It was about this time last year that I was really starting to dig into a bunch of “I’m pregnant–now what” type reading, so I thought I would pass on the impressive amounts of wisdom I’ve stored up since then (ha!). Actually, I’m just going to point you in the direction (or in the other direction) of some resources that may or may not help you or someone you know who is pregnant. How was that for a sentence–sheesh.
So, in no particular order, here are some pregnancy resources:
Don’t let the drab, icky cover fool you into thinking this is your mama’s book from 1967. It’s up to date. I received this book a year or so after marriage with the intention of reading it cover-to-cover and being a walking encyclopedia once I actually conceived. After about one hundred pages I was ready to get out the razorblades. I never finished the book; it took a place on my shelf in the “reference book only” category.
What you get: A month by month question-and-answer format guide to pregnancy, plus some extra chapters on labor and delivery, post-partum, fathers, and
trouble-shooting (Heidi–it’s not a computer; it’s a baby!) complications that may arise.
What you don’t get: A positive outlook. The reason I put the book down: it’s a bit too thorough for a straight read. I wound up being worried about all the things that were going to happen to my baby rather than looking forward to pregnancy.
Conclusion: Great as a reference tool, but not a fun read.
*They have a website. Haven’t been there–it may be useful.
I received this book from a friend about 11 weeks into my pregnancy. WOW! I love it. While I don’t agree with all of the things the authors purport, it is SO fun to look at your baby’s development week by week (rather than month by month like most pregnancy books).
What you get: Descriptions of the baby’s growth and what it’s doing, week by week (obviously). The same for your own body–what you might be noticing and what you can do to be the best host for your little one. The illustrations of both of these aspects are helpful. Also included are tips for dad-to-be on what he can do to be involved and help you out. Gives a short chapter on post-partum baby cares.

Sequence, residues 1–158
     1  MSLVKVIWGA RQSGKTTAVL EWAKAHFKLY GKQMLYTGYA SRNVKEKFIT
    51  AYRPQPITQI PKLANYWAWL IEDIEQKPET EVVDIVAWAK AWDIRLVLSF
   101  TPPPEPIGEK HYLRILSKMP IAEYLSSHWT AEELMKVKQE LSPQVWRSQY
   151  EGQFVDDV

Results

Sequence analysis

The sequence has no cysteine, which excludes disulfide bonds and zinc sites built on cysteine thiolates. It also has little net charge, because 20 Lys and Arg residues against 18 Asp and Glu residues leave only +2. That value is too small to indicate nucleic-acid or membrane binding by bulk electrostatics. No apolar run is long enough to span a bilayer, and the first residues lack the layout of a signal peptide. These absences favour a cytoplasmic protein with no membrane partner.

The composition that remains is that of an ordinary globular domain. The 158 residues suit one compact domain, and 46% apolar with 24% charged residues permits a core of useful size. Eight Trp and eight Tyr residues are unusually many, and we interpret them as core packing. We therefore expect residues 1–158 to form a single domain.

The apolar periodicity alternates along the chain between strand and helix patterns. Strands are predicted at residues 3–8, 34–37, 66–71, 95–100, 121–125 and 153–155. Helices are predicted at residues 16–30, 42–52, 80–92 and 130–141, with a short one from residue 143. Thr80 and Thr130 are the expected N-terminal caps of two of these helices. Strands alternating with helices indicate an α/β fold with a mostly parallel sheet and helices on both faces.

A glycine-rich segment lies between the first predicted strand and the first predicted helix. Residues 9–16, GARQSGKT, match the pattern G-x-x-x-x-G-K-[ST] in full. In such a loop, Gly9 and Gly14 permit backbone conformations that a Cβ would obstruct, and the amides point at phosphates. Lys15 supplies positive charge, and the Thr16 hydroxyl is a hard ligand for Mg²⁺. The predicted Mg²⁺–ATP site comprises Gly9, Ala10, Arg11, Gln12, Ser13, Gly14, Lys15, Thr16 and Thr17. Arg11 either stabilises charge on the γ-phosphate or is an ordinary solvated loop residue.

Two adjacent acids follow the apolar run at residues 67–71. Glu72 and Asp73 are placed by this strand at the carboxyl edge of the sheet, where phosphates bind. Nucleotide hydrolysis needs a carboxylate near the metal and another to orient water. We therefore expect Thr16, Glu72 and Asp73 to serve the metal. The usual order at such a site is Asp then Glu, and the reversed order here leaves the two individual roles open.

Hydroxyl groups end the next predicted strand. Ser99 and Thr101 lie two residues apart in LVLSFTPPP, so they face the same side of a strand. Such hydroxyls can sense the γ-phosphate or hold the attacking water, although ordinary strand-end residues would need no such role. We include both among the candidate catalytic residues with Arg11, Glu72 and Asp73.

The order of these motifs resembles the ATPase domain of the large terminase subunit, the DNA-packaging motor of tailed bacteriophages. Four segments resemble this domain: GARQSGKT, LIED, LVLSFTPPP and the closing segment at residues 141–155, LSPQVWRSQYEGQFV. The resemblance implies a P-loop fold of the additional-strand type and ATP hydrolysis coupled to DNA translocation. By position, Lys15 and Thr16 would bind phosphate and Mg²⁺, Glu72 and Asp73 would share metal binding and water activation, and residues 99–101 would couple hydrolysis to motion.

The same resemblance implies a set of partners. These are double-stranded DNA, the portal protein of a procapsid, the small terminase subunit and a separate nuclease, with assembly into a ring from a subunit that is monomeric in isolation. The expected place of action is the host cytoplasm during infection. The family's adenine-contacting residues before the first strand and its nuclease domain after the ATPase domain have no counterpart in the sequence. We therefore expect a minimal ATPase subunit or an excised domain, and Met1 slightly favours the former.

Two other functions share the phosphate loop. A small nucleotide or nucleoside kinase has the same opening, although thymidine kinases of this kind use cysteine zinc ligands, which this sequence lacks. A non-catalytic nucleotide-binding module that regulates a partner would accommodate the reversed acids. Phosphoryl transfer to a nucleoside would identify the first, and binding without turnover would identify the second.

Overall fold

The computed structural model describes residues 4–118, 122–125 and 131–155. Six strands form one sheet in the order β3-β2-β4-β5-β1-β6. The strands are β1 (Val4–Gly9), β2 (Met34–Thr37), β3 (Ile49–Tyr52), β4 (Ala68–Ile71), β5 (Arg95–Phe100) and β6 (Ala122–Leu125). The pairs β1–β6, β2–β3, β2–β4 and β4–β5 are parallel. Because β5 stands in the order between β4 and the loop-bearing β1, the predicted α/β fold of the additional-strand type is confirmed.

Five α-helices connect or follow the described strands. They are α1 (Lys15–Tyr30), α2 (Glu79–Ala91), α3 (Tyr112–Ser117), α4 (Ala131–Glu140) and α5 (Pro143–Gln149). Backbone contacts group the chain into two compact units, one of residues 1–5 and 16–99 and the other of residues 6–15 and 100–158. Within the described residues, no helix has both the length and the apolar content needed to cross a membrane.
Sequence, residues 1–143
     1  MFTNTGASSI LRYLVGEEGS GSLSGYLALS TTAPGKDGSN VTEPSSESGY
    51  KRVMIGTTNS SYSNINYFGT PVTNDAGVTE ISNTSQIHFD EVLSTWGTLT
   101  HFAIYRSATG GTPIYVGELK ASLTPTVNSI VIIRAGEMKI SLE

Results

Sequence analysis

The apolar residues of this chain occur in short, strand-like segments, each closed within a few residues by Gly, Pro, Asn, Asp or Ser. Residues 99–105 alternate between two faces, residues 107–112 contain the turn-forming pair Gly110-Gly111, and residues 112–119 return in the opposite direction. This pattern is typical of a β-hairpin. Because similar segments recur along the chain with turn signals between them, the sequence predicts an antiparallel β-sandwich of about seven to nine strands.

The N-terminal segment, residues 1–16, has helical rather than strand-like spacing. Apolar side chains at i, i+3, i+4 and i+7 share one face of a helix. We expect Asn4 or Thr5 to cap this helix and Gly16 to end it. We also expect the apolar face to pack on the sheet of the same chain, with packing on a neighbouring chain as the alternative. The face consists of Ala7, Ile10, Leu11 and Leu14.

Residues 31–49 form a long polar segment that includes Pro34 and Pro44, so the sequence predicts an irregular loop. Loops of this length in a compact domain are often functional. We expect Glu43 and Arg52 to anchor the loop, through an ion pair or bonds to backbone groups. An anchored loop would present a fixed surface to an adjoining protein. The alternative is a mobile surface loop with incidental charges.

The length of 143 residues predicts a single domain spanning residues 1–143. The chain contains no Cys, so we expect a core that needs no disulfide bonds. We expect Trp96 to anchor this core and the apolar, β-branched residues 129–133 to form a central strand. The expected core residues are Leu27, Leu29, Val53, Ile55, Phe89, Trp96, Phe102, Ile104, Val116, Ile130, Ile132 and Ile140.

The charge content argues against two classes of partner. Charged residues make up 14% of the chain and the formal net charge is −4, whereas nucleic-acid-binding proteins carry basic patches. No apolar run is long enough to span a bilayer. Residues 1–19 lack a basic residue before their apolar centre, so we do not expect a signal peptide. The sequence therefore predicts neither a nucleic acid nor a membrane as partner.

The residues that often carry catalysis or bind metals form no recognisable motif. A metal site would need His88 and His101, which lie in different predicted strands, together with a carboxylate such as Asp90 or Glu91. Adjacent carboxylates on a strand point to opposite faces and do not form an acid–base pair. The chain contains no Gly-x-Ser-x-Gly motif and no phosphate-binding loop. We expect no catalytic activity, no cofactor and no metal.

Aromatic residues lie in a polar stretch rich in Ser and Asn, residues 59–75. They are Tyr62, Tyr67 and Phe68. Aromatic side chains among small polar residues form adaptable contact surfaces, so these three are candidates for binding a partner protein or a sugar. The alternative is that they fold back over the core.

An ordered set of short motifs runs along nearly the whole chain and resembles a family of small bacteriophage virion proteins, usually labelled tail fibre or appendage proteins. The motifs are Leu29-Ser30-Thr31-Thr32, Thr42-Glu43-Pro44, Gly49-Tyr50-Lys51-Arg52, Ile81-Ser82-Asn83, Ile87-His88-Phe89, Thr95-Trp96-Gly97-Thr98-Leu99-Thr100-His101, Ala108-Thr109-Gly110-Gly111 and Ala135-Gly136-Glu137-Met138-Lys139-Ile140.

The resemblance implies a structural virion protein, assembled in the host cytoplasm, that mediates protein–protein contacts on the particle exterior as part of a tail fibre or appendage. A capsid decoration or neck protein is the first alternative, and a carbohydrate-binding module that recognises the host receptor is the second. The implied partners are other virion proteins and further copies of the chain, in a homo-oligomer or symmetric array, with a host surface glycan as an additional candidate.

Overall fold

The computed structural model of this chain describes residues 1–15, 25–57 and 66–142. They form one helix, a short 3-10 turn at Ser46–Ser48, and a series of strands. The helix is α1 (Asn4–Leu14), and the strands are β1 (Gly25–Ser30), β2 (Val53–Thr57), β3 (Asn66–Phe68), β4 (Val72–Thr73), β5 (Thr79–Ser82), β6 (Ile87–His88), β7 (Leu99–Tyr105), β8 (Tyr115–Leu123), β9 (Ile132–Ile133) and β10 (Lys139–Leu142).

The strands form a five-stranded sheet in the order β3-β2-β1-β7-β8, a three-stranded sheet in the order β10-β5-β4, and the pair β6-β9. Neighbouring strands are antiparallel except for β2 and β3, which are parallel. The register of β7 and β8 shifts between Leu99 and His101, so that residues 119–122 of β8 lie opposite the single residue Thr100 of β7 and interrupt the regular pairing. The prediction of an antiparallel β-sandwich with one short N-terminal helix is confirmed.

What you don’t get: Over-the-top technical jargon, any help with alternative methods for pregnancy-related discomforts, the best nutritional advice.
Conclusion: Overall, I’d heartily recommend this book. Just remember that it’s from the point of view of an OB/GYN.
Never had I intended to actually purchase a baby name book. I figured the internet, the one I had on hand (Mom used it to name me back in the day) and a few visits to a bookstore would produce the perfect name. But good grief this is an excellent book! After a couple visits to Barnes & Noble, I couldn’t resist buying it (again, eons before I actually conceived). I would sit there with my husband and my coffee, laughing out loud at some of the name descriptions. So it became part of our personal library. And I read a name book cover. to. cover. Can you believe that it’s that good?
What you get: More than a list of names and definitions. Wattenberg (the author) includes a “snapshot” of each name. The snapshot gives a style (“Defines a family of names that share a feeling, from ‘Country & Western’ to ‘Surfer Sixties’.”), a list of common nicknames, a list of variants (for instance, different spellings or pronunciations), a little graph showing when each name peaked in popularity and what number it was on the list (e.g. Heidi peaked in the 1970s at #77), Sisters and Brothers (names that match the style and feeling–you will laugh at the fact that these names often are those of your siblings and/or friends), and commentary (my favorite section). Here’s a sample commentary on the boy’s name Blaise: “A few cutting-edge parents are catching on to this intriguing entry. It was the name of a French saint, and the renowned philosopher-mathematician Blaise Pascal. What could be more respectable? Yet it also sounds like a blaze of glory. A refined way to indulge your need for speed.”
Also, descriptions of the Style Families help you decide if the name bodes well for your child’s future (or if you’re just stuck in the past!).
What you don’t get: A list of a trillion names. If you’re looking for the most options possible, this isn’t the book for you.
Conclusion: HIGHLY recommend it.
* They also have a website. I’ve been to this one, and it’s amazing (and it gives you a better picture than I have of what the book is about). You must try the Name Voyager. Type in your name and see what happens.
Speaking of birth, it’s my birthday…